Dr. Patrick Mahaney is a veterinarian and certified pet acupuncturist who provides holistic treatment for canine cancer patients. He has shared shares his expertise via AOL’s Paw Nation, PetMD’s The Daily Vet, Pet360’s PetLebrity News, Pet World Insider, and Victoria Stilwell’s Positively.com, among others. He co-hosts Holistic Vets on the Radio Pet Lady Network. We asked him a few questions about using holistic care for helping your dog get through cancer treatment.
Dr. Mahaney’s own dog, Cardiff (pictured above), is not only a pet, but was also a patient of the vet’s holistic cancer care.
What is the most suitable treatment for my dog that will provide the best outcome without causing a reduced quality of life?
A cancer diagnosis for a dog can be devastating for his owner. Cancer is life altering to all parties involved, but the good news is that pets either just don’t feel well or can be completely unaware they have the disease. They don’t experience the economic, social, and emotional aspects of cancer treatment like their human counterparts. In treating cancer, it’s important that owners consider the pet’s whole-body health, lifestyle, and place in life when formulating the plan to resolve or put cancer into remission. This holistic approach strives to do what is truly most appropriate for our animals.
Technically, any veterinarian is capable of treating cancer, but some doctors are more highly trained than others. Upon receiving the diagnosis of cancer, my recommendation for my clients is to get a consultation from a board certified veterinary oncologist. Such vets work exclusively in the realm of cancer treatments and are well versed in the options available, including surgery, chemotherapy, and radiation, and participate in clinical trials that may not yet be available to general practice veterinarians.
Besides chemotherapy, radiation, and surgery are there options to support my pet’s body during cancer treatment?
Yes, there are many ways to help ensure a pet will best tolerate his cancer treatment. Options include nutraceuticals (supplements), herbs, food therapy, acupuncture, lifestyle modifications, and more. The most common supportive care products are nutraceuticals like antioxidants, probiotics (beneficial bacteria), and other agents that help manage side effects of chemotherapy. Acupressure, acupuncture, massage, and other physical rehabilitation-type treatments can promote blood flow, diminish pain, reduce nausea, and generally make a pet feel better during treatment.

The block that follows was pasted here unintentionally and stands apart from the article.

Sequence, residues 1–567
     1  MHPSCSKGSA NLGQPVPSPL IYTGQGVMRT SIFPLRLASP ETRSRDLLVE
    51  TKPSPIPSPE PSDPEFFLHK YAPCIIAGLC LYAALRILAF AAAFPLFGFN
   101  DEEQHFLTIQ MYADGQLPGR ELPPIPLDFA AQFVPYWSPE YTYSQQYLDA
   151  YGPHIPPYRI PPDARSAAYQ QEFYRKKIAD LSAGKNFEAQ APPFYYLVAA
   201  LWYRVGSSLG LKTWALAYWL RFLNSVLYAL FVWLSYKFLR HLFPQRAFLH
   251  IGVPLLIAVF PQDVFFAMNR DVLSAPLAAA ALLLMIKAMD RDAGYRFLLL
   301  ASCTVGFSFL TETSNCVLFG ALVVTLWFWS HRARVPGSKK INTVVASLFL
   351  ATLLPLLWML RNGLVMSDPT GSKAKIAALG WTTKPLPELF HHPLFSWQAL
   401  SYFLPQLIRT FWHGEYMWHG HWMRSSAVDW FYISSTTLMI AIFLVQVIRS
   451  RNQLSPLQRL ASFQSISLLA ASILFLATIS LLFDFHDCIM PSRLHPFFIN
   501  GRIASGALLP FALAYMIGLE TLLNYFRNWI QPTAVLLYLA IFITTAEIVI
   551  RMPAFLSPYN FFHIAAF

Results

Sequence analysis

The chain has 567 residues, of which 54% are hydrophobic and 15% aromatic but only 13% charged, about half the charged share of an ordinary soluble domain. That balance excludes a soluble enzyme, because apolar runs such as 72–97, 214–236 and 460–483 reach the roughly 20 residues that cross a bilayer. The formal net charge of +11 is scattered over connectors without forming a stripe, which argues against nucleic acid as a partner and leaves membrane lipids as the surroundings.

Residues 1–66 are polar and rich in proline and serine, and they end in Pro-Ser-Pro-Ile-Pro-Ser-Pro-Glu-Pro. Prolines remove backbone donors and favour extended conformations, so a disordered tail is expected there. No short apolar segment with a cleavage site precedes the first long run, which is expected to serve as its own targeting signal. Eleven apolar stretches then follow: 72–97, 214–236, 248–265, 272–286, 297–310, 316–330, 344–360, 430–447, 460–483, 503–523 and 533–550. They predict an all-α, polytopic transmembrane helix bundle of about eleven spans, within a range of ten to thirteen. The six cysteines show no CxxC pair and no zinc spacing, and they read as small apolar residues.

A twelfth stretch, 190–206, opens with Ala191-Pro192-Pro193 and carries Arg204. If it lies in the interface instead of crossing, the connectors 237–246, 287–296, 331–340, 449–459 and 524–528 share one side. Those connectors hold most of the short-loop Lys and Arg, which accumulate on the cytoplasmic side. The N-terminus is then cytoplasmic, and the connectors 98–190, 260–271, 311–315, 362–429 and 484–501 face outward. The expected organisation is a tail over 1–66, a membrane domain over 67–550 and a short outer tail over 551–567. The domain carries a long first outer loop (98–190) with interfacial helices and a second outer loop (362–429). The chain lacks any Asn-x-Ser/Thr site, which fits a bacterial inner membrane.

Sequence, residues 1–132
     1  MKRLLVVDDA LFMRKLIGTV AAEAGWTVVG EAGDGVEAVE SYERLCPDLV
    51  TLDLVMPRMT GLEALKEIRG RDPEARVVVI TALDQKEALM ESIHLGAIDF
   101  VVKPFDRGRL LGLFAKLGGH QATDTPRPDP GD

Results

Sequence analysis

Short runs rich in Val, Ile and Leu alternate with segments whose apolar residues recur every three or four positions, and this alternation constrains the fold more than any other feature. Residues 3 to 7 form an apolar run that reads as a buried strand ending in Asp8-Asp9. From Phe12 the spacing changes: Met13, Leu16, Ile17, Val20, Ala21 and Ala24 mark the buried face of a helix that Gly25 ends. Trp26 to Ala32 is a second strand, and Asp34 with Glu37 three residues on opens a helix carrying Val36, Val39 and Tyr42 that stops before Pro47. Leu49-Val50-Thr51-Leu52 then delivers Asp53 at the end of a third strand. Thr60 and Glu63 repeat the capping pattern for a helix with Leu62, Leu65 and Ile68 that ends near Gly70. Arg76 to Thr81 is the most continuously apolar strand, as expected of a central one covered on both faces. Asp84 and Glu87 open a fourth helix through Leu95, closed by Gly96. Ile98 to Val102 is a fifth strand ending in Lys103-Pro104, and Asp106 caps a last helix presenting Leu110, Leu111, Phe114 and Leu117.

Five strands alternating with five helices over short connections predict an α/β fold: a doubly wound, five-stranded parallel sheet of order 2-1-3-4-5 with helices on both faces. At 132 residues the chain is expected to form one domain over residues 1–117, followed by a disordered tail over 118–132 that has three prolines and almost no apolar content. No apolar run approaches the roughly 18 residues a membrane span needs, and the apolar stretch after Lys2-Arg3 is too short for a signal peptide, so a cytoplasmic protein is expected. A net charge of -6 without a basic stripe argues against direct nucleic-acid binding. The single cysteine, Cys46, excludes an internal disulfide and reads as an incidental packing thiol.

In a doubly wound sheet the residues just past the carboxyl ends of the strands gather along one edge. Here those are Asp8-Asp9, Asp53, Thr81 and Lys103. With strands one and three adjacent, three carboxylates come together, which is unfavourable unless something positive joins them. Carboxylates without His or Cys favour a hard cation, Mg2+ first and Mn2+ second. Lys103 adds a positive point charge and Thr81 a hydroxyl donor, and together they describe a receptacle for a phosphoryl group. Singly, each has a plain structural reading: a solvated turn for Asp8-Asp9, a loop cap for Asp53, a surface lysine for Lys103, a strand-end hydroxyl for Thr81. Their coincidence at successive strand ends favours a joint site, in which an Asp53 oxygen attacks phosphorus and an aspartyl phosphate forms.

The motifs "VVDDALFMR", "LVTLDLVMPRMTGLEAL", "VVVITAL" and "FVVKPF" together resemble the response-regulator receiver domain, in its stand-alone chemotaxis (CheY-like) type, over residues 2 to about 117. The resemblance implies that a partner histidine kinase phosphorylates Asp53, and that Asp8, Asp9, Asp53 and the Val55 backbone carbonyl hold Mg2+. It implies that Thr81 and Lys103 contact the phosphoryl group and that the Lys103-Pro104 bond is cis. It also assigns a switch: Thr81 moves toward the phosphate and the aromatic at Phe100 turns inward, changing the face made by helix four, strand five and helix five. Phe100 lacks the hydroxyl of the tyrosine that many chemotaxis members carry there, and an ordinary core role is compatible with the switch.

What should I feed my pet during cancer treatment?
There’s no one particular food that is appropriate for all dogs and cats undergoing cancer treatment. My recommendation is to feed a diet made with human-grade, whole foods instead of conventional pet foods having feed-grade ingredients that exist in a format not found as they appear in nature. Feed-grade ingredients have a higher allowable levels of toxins, such as mold-based mycotoxin, which can have immunosuppressive and toxic effects on the body. Consult with your veterinarian about commercially available or home-prepared diets.
If my dog’s cancer is resolved or is in remission, what can I do to prevent it from recurring?
Cancer is a disease where cells have abnormal DNA and are promoted to grow by various genetic and environmental factors. Owners can reduce the potential a pet develops cancer or suffers a recurrence by reducing day-to-day inflammation and infection in the body. Tactics include keeping the mouth as clean as possible and maintaining a slim body weight. Many species of bacteria prosper in the oral cavity that can get into the blood and cause damage to internal organs (heart, kidneys, liver) or overtax the immune system. Carrying excess bodyweight promotes inflammation, and has been directly linked to certain cancers.
When do I not pursue or discontinue cancer treatment?
As pet owners, we must be the guardians of our animal companions’ quality of life. If the consultation with your veterinarian or veterinary oncologist establishes that the likelihood of achieving an acceptable quality of life is small, then not pursuing treatment is acceptable. Additionally, if a pet suffers severe side effects from treatment or isn’t showing a response indicating the treatment is working, then changing the approach to more of a focus on palliative care or pursuing euthanasia is a humane choice.
Dr. Mahaney belongs to many professional advocacy groups, including the American Veterinary Medical Association (AVMA), California Veterinary Medical Association (CVMA), and the International Veterinary Acupuncture Society (IVAS)
Dr. Mahaney and Cardiff were part of the documentary “My Friend: Changing the Journey”
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Photo courtesy Dr. Patrick Mahaney